Lyn Wineman:

I do. I do.

Dannielle Stewart:

They use it, right, on CBS?

Lyn Wineman:

Yeah.

Dannielle Stewart:

She was in PR, and she gave me just about the best advice that I could have received, especially at that time. She said, “You really need to think about your career more like a pinball machine and less like a sidewalk.” So it almost gave me the freedom to say, “Okay, if it’s not a straight line, that’s okay.” At that time I was so uptight.

Lyn Wineman:

Yes, I can identify with that. Yes. “I’m going to get my job. I’m going to work hard. I’m going to get a promotion. I’m going to make some money.” Yeah.

Dannielle Stewart:

I had some real early failure, and I think it taught me more than anything else that I needed to release desire, if you will, about this perception that I was in control. But I started at healthcare in Lincoln is where I began my career. I was an intern at MDS Pharma Services for most of my college education, so three years. I moved into cardiology, a private cardiology practice, and then point of care lab testing. I really love healthcare. I love talking. I love learning new vocabulary really quickly. And then the economy was kind of tanking. I had a buddy in Chicago, one in Oregon, and one here in Denver, and I literally just picked out of the air. And so since that time, really, I’ve raised my family, and my career has been devoted to the Colorado community.

Lyn Wineman:

Yeah. I love that. So another thing, so we talked about your career journey, but something about you that I’ve learned through our conversations is that you have climbed both the Great Wall and the Great Pyramids, two places on my bucket list. So can you talk about that? And does that experience impact your work at all?

Dannielle Stewart:

I have had the opportunity to climb the Great Wall and the Great Pyramid from the inside. I don’t know if you knew this. I’m not sure if it’s the case right now, but you could go inside. It was like a single rickety ladder, and you could climb from the inside all the way up to the chamber at the top of the pyramid.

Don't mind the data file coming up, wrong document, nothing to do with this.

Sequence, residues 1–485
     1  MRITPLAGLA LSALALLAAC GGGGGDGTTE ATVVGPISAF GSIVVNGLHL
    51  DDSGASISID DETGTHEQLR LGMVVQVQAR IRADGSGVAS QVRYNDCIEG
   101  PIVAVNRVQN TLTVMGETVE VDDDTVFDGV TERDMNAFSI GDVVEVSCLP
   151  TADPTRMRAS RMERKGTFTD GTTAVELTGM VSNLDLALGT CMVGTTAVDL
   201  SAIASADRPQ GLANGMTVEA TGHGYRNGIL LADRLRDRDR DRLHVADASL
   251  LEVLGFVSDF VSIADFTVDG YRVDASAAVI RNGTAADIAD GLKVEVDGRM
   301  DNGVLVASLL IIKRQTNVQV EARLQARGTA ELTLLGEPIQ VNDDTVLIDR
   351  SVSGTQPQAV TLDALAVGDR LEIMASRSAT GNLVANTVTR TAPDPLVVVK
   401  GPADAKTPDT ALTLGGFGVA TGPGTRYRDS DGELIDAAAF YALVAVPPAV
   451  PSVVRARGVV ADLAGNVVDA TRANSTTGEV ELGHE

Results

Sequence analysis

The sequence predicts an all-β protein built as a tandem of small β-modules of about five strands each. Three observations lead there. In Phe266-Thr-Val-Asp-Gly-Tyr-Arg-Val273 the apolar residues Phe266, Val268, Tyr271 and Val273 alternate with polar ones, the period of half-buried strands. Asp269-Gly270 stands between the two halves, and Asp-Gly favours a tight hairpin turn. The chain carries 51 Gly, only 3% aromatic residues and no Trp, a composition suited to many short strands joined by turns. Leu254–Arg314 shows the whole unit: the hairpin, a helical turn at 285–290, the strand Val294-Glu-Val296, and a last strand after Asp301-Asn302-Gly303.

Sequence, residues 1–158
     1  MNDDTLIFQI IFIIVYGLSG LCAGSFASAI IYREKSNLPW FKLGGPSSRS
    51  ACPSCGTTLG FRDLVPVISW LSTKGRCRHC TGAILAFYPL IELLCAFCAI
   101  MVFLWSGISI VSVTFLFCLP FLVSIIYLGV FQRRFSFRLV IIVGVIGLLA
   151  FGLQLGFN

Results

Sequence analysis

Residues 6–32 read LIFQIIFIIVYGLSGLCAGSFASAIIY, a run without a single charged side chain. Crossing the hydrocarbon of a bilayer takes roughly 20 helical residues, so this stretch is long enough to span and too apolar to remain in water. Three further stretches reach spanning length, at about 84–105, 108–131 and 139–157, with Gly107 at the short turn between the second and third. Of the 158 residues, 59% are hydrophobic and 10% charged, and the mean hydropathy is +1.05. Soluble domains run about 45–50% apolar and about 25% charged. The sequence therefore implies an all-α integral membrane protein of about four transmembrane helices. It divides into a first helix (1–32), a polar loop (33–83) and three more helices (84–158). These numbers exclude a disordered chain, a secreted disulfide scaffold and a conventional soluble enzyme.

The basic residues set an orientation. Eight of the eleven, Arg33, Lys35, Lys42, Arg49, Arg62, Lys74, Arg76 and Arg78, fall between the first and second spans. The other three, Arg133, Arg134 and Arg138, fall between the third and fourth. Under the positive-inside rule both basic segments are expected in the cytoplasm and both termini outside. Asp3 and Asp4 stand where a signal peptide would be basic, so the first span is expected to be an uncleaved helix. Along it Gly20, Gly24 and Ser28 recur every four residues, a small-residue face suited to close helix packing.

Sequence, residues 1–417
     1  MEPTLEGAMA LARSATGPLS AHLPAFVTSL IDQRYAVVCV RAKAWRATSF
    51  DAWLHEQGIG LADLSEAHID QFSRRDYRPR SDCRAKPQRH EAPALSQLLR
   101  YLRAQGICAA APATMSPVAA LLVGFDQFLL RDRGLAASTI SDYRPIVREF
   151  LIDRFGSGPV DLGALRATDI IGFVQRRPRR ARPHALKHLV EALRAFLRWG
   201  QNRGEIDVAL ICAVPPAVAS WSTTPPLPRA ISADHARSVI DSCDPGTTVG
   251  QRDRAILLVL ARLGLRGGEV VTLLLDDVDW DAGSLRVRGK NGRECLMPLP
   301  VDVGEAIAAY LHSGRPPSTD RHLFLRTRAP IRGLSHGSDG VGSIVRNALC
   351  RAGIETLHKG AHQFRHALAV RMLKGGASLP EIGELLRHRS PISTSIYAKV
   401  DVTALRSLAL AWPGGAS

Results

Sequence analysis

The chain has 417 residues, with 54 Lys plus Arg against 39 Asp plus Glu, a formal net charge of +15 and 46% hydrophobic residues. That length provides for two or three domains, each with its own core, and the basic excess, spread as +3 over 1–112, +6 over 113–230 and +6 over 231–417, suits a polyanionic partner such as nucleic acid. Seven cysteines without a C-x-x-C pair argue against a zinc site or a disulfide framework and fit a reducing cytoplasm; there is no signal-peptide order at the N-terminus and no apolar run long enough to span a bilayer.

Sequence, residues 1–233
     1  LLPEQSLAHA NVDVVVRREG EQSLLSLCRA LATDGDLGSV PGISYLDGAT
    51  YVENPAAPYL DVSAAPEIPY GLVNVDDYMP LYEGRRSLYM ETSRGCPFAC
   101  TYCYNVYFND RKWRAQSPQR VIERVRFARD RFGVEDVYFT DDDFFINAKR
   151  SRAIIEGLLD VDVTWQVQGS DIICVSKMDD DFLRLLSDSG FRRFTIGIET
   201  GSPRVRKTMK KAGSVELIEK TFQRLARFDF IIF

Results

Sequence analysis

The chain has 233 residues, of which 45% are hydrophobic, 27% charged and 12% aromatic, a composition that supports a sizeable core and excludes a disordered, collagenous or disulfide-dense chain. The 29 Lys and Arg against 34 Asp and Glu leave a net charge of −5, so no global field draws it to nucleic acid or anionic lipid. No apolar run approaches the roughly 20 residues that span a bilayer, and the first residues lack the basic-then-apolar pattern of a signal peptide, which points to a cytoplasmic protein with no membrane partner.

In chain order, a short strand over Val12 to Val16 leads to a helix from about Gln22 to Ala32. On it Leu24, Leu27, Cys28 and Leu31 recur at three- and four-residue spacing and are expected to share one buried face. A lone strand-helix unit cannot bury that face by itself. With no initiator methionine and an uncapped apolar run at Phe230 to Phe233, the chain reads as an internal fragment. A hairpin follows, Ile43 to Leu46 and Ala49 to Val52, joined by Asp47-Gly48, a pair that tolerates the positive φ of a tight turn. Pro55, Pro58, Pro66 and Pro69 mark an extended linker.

Lyn Wineman:

Wow.

Dannielle Stewart:

Not for the faint of heart or the claustrophobic, I will say.

Lyn Wineman:

I was going to say that hits all of my fears: fear of heights, fear of claustrophobia and fear of rickety ladders.

Dannielle Stewart:

At the same time, even then I went after the Arab Spring to Egypt several different times and lived in the Sinai for a while, went back and lived in the Sinai for a while. My trip to China was… I did not do the correct planning.

Lyn Wineman:

Uh-oh.

Dannielle Stewart:

I was by myself and not in a group. I got lost a few times. So I’ve been on the Great Wall and had the experience and made it back to the States, which was, I’m sure, a thrill for my family.

Lyn Wineman:

Wow. So you are a true adventure. You’ve got a little bit of willingness to take risks to achieve the right goals. I love that about you. So in the-

Dannielle Stewart:

If I can, I didn’t really answer. I’ll tell you what I think what I have learned from those experiences is that when I’m feeling like I’m having a day where nothing is surmountable and it feels overwhelming, I think about those experiences and go, “Okay, it’s not that tough.” Yeah.

Lyn Wineman:

“I climbed on the Great Wall. I went up a rickety ladder on the inside of the pyramids. I can handle this.”

Dannielle Stewart:

Yes.

Lyn Wineman:

I like it. I like it a lot. I like it a lot. So in the intro I did an official tease, and I told everyone we have a special announcement that involves both you and KidGlov. Do you want to do the honors and share about our collaboration?

Dannielle Stewart: